Former US Secretary of State Henry Kissinger dies at age 100

Former US Secretary of State Henry Kissinger died on Wednesday at home in Connecticut at the age of 100, Kissinger Associates, Inc said in a statement.

Former US Secretary of State Henry Kissinger died on Wednesday at home in Connecticut at the age of 100, Kissinger Associates, Inc said in a statement.

As Secretary of State under presidents Nixon and Ford, Dr. Kissinger "played central roles in the opening to China, negotiating the end of the Yom Kippur War in the Middle East, and helping to bring America's role in the Vietnam War to a close," said the statement.

Dr. Kissinger has written 21 books on national security matters, it said. "Considered one of America's great statesmen, Dr. Kissinger was regularly consulted by American presidents of both political parties and scores of foreign leaders after he finished government service in 1977."

Fifty-two years ago when China and the United States were at a crucial inflection point, Chairman Mao Zedong, Premier Zhou Enlai, President Richard Nixon and Dr. Kissinger, made the right decision for China-US cooperation and launched the process of normalizing the China-US relationship.

Kissinger visited China more than 100 times, the most recent one being in late July this year, about two months after he celebrated his 100th birthday, during which Chinese President Xi Jinping met him in Beijing.

On October 24, Kissinger was honored at the annual Gala Dinner of The National Committee on US-China Relations (NCUSCR) in New York City.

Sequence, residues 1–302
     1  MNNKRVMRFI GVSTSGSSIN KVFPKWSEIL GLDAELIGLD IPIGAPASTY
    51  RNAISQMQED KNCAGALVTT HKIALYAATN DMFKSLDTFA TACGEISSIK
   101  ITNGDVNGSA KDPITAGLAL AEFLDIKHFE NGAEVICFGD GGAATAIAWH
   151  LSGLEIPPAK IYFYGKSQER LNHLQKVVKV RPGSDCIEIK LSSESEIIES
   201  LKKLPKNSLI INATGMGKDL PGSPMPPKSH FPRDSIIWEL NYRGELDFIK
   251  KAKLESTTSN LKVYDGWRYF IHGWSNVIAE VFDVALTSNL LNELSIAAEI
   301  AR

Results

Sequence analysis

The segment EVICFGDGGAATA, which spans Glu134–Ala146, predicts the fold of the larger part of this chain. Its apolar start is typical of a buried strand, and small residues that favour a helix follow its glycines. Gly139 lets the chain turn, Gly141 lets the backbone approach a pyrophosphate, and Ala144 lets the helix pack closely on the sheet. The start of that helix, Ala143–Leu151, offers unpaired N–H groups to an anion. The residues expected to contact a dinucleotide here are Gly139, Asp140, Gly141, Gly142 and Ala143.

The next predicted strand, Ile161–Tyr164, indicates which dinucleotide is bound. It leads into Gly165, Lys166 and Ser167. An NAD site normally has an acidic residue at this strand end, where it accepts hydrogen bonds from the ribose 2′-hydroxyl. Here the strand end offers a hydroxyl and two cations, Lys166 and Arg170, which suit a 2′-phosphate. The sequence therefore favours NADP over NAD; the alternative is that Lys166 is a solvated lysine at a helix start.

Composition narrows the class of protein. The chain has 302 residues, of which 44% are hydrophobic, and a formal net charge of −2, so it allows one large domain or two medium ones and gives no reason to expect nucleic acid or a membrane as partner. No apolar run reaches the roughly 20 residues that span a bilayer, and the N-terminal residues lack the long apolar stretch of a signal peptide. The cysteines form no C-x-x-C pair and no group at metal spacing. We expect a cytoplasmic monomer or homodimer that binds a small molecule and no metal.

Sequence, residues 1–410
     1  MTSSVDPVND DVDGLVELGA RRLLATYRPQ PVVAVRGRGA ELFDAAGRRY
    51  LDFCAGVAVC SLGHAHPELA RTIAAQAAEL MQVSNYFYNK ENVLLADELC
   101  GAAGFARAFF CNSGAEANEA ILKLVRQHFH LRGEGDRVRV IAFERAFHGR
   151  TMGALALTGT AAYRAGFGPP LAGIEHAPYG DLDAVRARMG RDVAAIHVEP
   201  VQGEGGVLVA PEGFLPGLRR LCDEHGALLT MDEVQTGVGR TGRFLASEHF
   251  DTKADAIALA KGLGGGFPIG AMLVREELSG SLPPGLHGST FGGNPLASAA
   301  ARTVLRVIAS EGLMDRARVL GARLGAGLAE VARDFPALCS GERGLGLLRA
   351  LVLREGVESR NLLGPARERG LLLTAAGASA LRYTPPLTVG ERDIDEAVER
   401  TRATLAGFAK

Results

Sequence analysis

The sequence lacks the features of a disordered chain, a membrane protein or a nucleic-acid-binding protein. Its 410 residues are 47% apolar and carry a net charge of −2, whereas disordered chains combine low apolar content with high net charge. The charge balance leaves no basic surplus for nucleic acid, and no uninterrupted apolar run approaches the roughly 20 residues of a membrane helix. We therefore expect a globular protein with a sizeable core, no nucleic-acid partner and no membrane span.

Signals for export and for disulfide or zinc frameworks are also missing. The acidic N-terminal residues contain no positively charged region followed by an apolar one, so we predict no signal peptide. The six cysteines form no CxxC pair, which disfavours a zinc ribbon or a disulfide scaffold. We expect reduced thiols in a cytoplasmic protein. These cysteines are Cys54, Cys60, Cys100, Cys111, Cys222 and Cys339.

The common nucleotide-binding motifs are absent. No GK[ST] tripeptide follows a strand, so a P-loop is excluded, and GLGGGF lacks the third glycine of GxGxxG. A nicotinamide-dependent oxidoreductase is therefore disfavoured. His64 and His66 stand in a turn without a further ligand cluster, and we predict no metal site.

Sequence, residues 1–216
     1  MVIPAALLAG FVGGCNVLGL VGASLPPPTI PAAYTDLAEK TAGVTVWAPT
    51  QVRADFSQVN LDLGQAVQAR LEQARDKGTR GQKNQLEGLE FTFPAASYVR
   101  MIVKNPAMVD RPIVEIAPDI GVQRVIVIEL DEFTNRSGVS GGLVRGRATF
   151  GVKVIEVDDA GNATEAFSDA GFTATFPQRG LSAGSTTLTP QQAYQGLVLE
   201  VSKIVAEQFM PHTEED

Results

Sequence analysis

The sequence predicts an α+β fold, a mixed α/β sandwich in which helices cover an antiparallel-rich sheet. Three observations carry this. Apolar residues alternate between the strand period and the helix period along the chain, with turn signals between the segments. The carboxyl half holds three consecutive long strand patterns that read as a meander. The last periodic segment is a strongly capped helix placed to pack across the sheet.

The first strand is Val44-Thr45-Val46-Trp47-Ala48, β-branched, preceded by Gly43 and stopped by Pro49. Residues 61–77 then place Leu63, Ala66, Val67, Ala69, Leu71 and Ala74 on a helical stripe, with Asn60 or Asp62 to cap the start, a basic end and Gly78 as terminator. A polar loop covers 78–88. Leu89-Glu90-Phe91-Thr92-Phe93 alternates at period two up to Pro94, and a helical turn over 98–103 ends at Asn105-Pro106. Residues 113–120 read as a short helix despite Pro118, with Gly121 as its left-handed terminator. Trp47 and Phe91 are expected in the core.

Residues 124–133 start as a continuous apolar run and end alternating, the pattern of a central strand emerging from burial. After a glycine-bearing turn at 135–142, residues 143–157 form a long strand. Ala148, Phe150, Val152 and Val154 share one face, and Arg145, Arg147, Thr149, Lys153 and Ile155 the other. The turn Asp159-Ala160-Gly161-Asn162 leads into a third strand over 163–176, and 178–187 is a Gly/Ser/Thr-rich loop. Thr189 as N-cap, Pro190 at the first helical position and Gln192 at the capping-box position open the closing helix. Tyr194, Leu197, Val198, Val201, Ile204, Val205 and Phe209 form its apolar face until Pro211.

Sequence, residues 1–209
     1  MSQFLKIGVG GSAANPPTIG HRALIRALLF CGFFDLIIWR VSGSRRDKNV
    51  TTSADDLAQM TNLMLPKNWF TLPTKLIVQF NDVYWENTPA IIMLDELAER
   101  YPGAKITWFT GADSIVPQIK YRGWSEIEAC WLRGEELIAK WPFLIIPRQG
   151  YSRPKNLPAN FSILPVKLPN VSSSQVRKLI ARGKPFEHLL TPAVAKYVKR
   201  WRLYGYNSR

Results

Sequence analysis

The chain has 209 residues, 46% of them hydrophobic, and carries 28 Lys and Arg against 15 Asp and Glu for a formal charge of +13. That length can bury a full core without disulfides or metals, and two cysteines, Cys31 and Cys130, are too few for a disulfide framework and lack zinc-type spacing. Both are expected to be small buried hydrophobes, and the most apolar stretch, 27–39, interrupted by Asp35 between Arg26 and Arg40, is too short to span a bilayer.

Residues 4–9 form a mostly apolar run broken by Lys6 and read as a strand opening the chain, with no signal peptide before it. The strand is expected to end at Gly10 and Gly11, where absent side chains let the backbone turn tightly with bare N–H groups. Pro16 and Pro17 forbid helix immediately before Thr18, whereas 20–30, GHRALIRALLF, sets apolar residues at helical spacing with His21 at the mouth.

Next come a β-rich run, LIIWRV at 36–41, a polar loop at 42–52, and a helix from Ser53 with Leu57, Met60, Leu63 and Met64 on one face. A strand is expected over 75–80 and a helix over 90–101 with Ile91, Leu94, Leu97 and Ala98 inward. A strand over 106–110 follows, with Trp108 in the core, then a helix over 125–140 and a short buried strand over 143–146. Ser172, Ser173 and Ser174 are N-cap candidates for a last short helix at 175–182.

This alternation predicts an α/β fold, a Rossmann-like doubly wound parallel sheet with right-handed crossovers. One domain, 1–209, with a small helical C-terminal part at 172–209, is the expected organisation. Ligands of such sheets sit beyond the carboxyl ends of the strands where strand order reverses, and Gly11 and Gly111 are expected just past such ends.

All guests gave the distinguished centenarian a standing ovation when Kissinger was wheelchaired onto the stage. And most of them kept standing up until he finished his over 10-minute speech.

"A peaceful relationship, a cooperative relationship between the US and China is essential for peace and progress of the world," said Kissinger at the event.

"I'm confident all of you here agree that peace and progress between China and the US is in the self-interest of each country and of the world," he said.

"I've spent literally half of my life working on the US-China relations ... I like the Chinese people, I'm impressed by Chinese culture," he said.

Kissinger said he is convinced that the US-China relations depend on "an understanding that the two countries have a unique ability to bring peace and progress to the world, and they also have a unique ability to destroy the world if they're not together."

He expressed confidence that the world's two largest economies will find ways to straighten the strained relationship. "I believe now, as I believed 50 years ago, that we can find our way through these difficulties."

Kissinger warned that the United States has to properly handle the Taiwan question in light of the Shanghai Communique, a historic document that became a key political foundation for the two countries to establish diplomatic ties.

"We in America have to avoid giving the impression that we are walking away from the one-China concept to which we committed ourselves ... that was a real commitment in the Shanghai Communique," said Kissinger.

Born in Germany in 1923, Kissinger was survived by his wife of nearly 50 years, Nancy Maginnes Kissinger, two children by his first marriage, David and Elizabeth, and five grandchildren.

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